Is anybody listening?

Young people feel disconnected from politics and the policy that affects their lives. What can be do

Sign Up

Get the New Statesman's Morning Call email.

"Is anybody listening?" was the question posed at the New Statesman's event yesterday morning, and hopes for an answer were high. At 8.30 in the morning Oxford Street's Starbucks was unusually crowded with young people, all eager to make their voices heard and to hear too what the assembled panel had to say about youth engagement with politics.

Bonnie Greer called the crowd to order, and introduced her fellow panellists Ginny Lunn and Peter Nzekwu from the Prince's Trust, the new Labour MP Luciana Berger, the singer Mz Bratt and Andrew Stunell, Lib Dem MP and minister for community cohesion, race equality, building regulations, housing, regeneration and the big society in the new coalition government. As Bonnie listed all his responsibilities, Stunell shook his head in apparent disbelief, and said: "Just call me the minister for the 'big society'."

But, as Bonnie pointed out, embarrassing titles aside, this was a rare opportunity for those in the audience to make their views known to "people who can make things happen".

The opening statements were strong and decisive, with phrases like "not enough is done" and "we want to know how it will work for you". Luciana Berger particularly emphasised the importance for young people of knowing who their councillors and MPs are, because they can provide representation on difficulties such as Jobseeker's Allowance being withheld.

The questions from the audience ranged widely, from a vehement indictment of the negative portrayal of young people in the media to how to set up a business while trying to support a family. Topics like how to keep young people safe and what the proposed National Citizenship Service will involve were thrown in.

The panellists tried their best to address the issues raised, but found it very hard to speak in specific terms. The answers were dominated by vague uses of the future tense and presenting several options rather than pinning down a particular idea. Inertia is the natural state of government, but the trouble with this particular area of policy is that, during the two years it takes to implement an initiative, a 15-year-old keen to stay in education becomes an unemployed, disaffected 17-year-old. For teenagers, time races by; for government, it barely moves at all.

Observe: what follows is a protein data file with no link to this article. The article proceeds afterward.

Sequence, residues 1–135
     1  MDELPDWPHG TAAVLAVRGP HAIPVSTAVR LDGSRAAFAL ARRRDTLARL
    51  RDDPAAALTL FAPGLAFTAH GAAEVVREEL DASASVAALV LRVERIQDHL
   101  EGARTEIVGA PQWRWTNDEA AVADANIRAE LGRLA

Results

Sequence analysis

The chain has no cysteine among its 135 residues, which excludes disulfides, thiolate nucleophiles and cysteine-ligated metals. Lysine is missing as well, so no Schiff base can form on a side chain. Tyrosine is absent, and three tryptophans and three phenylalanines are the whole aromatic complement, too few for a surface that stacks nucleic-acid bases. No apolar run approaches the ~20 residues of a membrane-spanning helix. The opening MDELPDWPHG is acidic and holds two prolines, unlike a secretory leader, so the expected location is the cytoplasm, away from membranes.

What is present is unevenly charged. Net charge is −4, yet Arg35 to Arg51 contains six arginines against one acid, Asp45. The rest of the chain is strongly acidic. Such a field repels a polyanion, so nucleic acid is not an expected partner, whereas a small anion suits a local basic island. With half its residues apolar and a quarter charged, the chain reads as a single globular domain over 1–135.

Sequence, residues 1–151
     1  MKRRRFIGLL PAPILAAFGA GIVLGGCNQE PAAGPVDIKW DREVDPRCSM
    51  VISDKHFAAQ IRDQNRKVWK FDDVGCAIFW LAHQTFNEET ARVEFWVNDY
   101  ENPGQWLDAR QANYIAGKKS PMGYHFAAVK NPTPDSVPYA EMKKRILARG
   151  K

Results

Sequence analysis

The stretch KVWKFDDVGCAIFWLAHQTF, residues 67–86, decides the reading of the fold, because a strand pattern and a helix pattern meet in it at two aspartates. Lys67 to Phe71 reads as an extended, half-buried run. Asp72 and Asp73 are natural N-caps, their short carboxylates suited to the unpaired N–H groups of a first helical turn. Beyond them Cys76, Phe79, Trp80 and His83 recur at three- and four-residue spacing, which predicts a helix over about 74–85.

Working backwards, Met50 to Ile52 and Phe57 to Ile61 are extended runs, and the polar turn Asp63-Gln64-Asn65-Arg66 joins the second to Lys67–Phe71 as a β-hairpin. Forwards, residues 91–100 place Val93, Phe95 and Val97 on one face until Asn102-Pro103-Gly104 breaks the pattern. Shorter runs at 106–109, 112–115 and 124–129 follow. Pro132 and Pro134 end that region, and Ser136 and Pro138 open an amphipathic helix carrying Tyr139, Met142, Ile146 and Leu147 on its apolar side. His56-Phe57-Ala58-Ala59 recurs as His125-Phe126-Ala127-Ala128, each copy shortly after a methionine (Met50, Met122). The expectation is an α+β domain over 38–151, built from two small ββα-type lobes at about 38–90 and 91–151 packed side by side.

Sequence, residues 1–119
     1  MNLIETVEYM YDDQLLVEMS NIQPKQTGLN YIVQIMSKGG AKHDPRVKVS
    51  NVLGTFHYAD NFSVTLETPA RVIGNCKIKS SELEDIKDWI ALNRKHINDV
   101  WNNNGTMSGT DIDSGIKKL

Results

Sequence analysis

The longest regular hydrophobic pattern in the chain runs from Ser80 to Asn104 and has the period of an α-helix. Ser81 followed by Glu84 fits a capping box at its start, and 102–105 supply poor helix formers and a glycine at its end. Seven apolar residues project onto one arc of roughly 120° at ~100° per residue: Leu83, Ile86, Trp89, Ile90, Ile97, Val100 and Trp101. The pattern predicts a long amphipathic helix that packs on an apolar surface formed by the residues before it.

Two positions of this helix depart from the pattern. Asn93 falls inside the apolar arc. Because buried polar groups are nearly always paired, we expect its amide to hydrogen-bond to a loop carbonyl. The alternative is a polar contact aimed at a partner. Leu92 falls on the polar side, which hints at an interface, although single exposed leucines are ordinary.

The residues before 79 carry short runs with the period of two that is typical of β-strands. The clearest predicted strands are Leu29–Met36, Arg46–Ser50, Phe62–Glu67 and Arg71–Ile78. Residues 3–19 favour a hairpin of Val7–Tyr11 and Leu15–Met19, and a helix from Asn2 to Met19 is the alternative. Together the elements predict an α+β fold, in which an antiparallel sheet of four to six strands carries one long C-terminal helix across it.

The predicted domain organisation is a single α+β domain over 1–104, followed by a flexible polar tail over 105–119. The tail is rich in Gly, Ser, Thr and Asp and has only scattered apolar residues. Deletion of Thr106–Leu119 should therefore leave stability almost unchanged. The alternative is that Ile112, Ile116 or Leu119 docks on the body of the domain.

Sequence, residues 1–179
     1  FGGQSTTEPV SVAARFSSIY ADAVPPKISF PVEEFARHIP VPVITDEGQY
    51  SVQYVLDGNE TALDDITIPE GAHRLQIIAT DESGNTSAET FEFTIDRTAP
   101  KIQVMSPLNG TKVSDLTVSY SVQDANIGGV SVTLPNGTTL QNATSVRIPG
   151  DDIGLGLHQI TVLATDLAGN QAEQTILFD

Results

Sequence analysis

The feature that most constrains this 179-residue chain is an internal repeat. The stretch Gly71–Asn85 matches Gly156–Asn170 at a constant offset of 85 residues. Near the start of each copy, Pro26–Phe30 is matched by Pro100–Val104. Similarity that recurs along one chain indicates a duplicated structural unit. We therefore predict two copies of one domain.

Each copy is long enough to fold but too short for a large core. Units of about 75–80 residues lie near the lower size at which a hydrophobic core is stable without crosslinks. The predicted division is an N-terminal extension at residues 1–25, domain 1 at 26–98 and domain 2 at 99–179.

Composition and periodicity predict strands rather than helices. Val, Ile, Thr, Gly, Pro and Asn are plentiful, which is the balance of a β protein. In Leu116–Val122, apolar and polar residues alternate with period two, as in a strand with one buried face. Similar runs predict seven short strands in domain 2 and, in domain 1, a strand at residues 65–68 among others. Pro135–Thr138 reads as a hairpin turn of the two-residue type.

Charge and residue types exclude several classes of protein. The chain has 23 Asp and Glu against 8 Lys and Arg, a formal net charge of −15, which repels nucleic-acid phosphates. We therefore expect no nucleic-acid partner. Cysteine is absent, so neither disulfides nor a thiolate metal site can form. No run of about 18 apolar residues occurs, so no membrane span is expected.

As the discussion continued and more and more hands went up all over the room, it became clear that these young people would not be dissuaded from their goals, and if the government was unable to act on their information, they would get what they wanted in other ways. As Mz Bratt pointed out, "We have Twitter, Facebook, our websites to get our stuff out there. We don't need the media." And Peter Nzekwu added: "We've got strength in numbers."

The young people in the audience, many of whom are volunteers in their communities and ambassadors for the Prince's Trust, were certainly vocal about their opinions and needs. And the panel, including the two MPs present, was keen to listen and respond as best it could.

So, perhaps the answer to the question "Is anybody listening?" is positive: yes, people are listening, but solving problems isn't quite as straightforward as having a successful conversation.

Early on in the discussion, Bonnie Greer spoke of having heard the points made by the panel "over and over again" and of the "gap between aspiration and reality". Unfortunately, despite the best efforts of panellists and audience, that gap seems to be as wide as ever.

For details of further "Coffee House" debates (the programme of public debates organised by the New Statesman and Starbucks) please visit our Events page.

Caroline Crampton is a writer and podcaster. She was formerly an assistant editor at the New Statesman.

Free trial CSS